This article considers the requirements for drilling surfaces in the context of minimizing manufacturing flow times and costs. Drill entry and exit criteria are of particular concern to design engineers creating parts and products. Drill entry surfaces should be perpendicular to the drill when at all possible. Not obeying this rule will result in the drill skipping across the surface to be drilled at a drastically increased frequency. This will result in part damage in addition to wearing out the cutter faster.
Additionally, the drill cutter is much more likely to start cutting in the incorrect location when a non-perpendicular angle of attack is used. This will usually result in part rejection as correcting this problem is unlikely without expensive rework.
Similarly, exit surfaces should always be perpendicular to the drill as well. Failure to perform this design rule will result in the cutter potentially fracturing the area around the exit surface. This is due to high localized stresses due to the extremely small area of cutter force application on the edges of the hole being cut. Without performing this step, it’s possible for the cutter to skip along the edge of the work surface and mar it unnecessarily.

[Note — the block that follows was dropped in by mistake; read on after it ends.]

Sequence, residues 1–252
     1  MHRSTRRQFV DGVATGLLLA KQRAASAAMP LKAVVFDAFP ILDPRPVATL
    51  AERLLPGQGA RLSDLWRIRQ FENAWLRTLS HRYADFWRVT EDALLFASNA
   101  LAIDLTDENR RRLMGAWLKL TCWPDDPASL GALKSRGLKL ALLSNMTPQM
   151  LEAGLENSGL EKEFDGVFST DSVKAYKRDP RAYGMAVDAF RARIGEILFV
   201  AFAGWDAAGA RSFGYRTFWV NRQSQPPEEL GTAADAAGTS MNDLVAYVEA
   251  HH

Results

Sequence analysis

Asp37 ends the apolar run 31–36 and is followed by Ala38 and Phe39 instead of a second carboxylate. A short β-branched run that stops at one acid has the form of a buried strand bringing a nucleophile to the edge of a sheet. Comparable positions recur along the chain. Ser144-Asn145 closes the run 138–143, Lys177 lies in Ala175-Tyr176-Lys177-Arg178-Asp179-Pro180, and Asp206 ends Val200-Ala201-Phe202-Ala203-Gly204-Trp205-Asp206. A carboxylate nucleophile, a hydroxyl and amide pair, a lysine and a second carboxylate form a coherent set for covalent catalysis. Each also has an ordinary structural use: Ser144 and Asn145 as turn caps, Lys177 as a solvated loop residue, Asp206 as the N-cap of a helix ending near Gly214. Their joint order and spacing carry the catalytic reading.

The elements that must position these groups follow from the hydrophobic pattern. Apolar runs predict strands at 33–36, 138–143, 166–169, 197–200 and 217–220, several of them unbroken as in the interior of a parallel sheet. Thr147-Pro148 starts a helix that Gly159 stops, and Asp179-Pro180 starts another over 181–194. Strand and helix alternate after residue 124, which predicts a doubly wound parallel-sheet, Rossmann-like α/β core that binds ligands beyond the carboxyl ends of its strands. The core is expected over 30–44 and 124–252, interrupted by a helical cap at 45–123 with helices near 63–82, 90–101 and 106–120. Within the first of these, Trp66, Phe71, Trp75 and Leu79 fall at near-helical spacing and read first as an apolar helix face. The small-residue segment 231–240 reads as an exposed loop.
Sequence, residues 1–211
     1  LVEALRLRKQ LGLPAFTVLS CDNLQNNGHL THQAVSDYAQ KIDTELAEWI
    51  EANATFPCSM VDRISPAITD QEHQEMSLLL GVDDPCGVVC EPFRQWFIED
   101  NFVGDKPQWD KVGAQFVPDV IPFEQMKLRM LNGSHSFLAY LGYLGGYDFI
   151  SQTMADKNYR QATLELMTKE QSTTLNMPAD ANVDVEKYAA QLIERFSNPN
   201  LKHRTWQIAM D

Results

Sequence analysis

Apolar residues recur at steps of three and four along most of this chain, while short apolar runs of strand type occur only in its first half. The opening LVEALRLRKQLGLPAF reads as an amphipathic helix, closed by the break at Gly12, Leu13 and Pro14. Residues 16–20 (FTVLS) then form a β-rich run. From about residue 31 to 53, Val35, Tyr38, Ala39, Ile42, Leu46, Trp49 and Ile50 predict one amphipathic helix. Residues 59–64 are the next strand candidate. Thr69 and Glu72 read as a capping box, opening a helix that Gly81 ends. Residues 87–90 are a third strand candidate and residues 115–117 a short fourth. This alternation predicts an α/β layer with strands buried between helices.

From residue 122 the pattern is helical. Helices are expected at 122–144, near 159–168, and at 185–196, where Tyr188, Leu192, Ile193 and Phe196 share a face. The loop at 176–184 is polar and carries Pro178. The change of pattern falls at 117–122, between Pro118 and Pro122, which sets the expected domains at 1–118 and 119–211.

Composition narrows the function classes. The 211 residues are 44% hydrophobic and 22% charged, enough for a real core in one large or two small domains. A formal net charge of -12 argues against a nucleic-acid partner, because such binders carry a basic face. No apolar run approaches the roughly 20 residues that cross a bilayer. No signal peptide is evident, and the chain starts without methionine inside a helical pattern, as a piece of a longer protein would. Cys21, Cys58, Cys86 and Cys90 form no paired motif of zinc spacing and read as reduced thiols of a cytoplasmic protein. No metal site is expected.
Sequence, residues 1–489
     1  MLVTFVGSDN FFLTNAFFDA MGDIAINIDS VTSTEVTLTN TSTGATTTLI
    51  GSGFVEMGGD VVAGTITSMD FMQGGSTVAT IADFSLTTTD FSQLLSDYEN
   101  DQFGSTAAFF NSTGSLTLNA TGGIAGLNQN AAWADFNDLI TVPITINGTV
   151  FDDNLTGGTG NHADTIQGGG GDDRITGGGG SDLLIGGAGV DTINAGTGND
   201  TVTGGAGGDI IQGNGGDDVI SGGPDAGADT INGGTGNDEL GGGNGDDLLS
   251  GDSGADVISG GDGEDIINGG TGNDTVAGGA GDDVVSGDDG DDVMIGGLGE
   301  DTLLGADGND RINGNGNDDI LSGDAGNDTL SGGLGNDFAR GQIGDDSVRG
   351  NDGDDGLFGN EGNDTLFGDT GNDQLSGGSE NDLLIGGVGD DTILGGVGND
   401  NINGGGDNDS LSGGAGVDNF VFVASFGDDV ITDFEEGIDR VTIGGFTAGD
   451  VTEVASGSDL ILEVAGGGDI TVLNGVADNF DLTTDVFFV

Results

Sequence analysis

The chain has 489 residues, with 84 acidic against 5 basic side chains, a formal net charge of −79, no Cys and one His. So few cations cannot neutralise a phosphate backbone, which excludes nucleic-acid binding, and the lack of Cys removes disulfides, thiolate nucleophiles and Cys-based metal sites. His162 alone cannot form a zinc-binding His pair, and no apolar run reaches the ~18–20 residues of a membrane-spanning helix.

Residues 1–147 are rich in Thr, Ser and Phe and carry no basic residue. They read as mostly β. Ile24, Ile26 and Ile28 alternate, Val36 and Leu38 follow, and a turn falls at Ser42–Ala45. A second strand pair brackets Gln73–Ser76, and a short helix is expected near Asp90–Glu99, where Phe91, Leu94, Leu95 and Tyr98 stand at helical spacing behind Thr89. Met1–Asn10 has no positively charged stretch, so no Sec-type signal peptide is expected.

(a) While designing parts to be drilled…
(b) If the part has angled surfaces
(a) Do not place drill entry points at an angle to the face to be drilled.
(b) Do not allow for drills to exit at non-perpendicular angles.
Use of this rule will prevent tool skipping, tool breakage, and part damage. Tool skipping and breakage reduction will reduce tooling costs over time. Reducing part damage allows for a faster part production rate due to fewer rejection losses while also minimizing costs.